Many today’s scientists think that religion can never come to terms with science. In sharp contrast to the widespread opinion, the authors of this paper consider that historically scientific reasoning and religious belief joined hands in their effort to investigate and understand reality. In fact, the current divorce between science and religion is nothing else than the final outcome of a gradual long-term, and deliberately assumed process of science secularization of science. However, especially during the last decades, we have all been equally confronted with the advance of a new concern over the fact that contemporary scientists have been approaching an area of investigation that had been usually addressed by the theological thought. This recent development has generated an emerging new field of investigation of Science and Religion within modern scientific epistemology.Against this background, the purpose of this paper is three-fold: firstly, to briefly emphasize that one of the defining dimensions of the dialogue between science and religion is given by the discontinuity, in which, the knowledge acquired through scientific reasoning is placed in relation to the divinely revealed knowledge; secondly, to argue that another defining dimension of the dialogue consists in the hierarchical harmony mediating the encounter between the two, thus transgressing the discontinuity and making the dialogue between theology and science possible and viable; and thirdly, to advocate the […]

6. How the attitude of Chicago economics towards philosophy changed over time: an essay on what role some historical methods should play in practicing the philosophy of economics

Peter Galbács.
International audience

7. What can economists learn from Foucault?

Ceyhun Gürkan.
International audience

8. Academic discipline of economics as hedonist philosophy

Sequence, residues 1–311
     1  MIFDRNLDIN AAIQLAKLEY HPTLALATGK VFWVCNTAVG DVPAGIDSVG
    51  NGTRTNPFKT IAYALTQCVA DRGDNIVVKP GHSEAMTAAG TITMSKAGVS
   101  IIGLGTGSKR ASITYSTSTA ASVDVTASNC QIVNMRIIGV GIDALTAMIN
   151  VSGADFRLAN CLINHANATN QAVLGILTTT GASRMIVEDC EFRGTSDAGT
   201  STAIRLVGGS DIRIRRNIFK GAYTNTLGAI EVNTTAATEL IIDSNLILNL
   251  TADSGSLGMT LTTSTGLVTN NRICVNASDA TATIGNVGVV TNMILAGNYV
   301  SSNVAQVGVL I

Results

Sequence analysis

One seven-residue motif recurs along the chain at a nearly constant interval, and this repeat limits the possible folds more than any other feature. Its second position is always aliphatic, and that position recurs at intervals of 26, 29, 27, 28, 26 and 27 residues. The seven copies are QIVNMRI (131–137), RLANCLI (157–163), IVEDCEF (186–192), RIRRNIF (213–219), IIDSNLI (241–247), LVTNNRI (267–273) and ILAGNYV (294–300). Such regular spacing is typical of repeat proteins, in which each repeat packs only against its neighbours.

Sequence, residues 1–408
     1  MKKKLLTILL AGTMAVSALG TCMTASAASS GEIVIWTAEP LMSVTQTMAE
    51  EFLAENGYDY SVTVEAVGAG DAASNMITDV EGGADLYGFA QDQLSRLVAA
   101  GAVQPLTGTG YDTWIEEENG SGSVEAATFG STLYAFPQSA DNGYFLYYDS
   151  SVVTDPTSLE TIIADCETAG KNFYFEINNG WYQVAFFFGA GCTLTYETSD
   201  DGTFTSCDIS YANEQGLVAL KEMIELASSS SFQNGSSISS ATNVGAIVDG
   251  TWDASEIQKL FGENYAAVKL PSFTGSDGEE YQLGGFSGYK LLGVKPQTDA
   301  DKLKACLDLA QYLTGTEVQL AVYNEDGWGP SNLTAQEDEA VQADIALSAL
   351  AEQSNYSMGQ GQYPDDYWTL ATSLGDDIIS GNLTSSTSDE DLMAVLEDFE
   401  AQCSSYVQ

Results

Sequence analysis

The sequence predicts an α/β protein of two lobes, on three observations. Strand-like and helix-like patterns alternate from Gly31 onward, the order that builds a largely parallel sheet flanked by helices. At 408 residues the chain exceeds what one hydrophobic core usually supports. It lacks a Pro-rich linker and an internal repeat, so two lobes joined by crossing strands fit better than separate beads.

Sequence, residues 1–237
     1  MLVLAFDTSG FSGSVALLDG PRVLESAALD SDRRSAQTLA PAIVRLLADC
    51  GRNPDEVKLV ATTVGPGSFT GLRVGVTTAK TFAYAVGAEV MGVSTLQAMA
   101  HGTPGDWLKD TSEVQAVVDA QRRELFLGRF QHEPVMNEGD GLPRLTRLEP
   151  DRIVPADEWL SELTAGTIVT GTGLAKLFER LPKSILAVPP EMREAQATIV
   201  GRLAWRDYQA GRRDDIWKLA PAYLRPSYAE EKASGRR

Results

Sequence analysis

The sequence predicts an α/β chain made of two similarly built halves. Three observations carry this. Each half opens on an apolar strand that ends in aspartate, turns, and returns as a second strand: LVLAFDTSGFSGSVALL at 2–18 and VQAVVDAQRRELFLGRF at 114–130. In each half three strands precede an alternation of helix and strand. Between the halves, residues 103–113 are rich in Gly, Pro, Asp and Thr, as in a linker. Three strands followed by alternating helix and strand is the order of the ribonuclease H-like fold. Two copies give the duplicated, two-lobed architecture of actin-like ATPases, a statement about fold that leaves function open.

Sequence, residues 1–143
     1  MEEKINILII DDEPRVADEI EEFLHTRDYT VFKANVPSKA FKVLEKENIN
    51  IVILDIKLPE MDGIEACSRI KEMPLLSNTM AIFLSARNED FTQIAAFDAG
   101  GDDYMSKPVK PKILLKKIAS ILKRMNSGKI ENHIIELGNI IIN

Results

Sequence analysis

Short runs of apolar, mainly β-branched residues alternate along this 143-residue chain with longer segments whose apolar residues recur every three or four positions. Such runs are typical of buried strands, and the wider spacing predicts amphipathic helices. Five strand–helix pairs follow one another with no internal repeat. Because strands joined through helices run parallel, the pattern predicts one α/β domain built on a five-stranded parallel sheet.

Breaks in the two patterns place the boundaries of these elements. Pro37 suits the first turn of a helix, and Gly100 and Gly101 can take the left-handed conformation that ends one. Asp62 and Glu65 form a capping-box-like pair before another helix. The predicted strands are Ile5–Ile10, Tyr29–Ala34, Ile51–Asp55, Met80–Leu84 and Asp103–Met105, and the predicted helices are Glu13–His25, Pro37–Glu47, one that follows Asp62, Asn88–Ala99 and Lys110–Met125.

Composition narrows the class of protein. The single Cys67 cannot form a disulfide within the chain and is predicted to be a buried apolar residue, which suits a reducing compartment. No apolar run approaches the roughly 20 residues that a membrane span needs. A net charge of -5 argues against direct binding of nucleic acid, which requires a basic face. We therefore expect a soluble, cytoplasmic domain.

Tiago Cardão-Pito.
Contemporary mainstream economics cannot be seen as disconnected from philosophical concerns. On the contrary, it should be understood as a defence for a specific philosophy, namely, crude quantitative hedonism where money would measure pleasure and pain. Disguised among a great mathematical apparatus involving utility functions, supply, and demand, lies a specific hedonist philosophy that every year is lectured to thousands of economic and business students around the world. This hedonist philosophy is much less sophisticated than that in ancient hedonist philosophers as Epicurus or Lucretius. Furthermore, it does not solve any of the systematic difficulties regularly faced by hedonist philosophy. However, the argument that economics is detached from philosophy works as a rhetorical artifice to protect its dominant underlying philosophy: Philosophical disputes would have to be addressed within the biased mathematical apparatus of quantitative hedonism. Economists and business students must learn to identify the underlying philosophy in mainstream economics and alternative philosophical systems.

9. 'Everything You Know is Wrong'. A series of challenges and responses

Frederic Jennings Jr..
International audience

10. Teaching the philosophical grounding of economics to economists: a 10 years' experience

Ricardo Crespo.
International audience

11. Economics as the scientization of politics

Jon Mulberg.
This paper uses Beck's concept of reflexive modernity, and a Foucauldian approach, to critique the positivist philosophy associated with contemporary conventional economics, and to show its inadequacy for the environmental emergency. The paper suggests economics is not neutral but performs an ideological function in justifying the political and social order. Economics can be deconstructed by tracing its history, thereby laying bare its philosophical and political roots. The environmental debate repeats past debates of the 1920s and 30s. By employing the 'subjugated' institutional economics approaches economics can be redefined, and the path to a truly Green New Deal can be unearthed.

12. Review of François Levrau, Noel Clycq (eds.), Equality. Interdisciplinary Perspectives

Henrieta Şerban.
François Levrau, Noel Clycq (eds.), Equality. Interdisciplinary Perspectives, Cham, Palgrave Macmillan/Springer Nature, 1st Edition, 2021, 356 pp

13. Review of Edward Nelson, Milton Friedman and Economic Debate in the United States, 1932-1972 (volumes 1 and 2)

Peter Galbács.
Edward Nelson, Milton Friedman and Economic Debate in the United States, 1932-1972 (volumes 1 and 2), Chicago and London, The University of Chicago Press, 2020

14. Review of Stephen J. Macekura, The Mismeasure of Progress: Economic Growth and Its Critics

Dragoș Bîgu.
Stephen J. Macekura, The Mismeasure of Progress: Economic Growth and Its Critics, Chicago and London, The University of Chicago Press, 2020

15. Review of Margaret Schabas and Carl Wennerlind, A Philosopher's Economist: Hume and the Rise of Capitalism

Mihail-Valentin Cernea.
Margaret Schabas and Carl Wennerlind, A Philosopher's Economist: Hume and the Rise of Capitalism, Chicago IL, University of Chicago Press, 316 p., e-book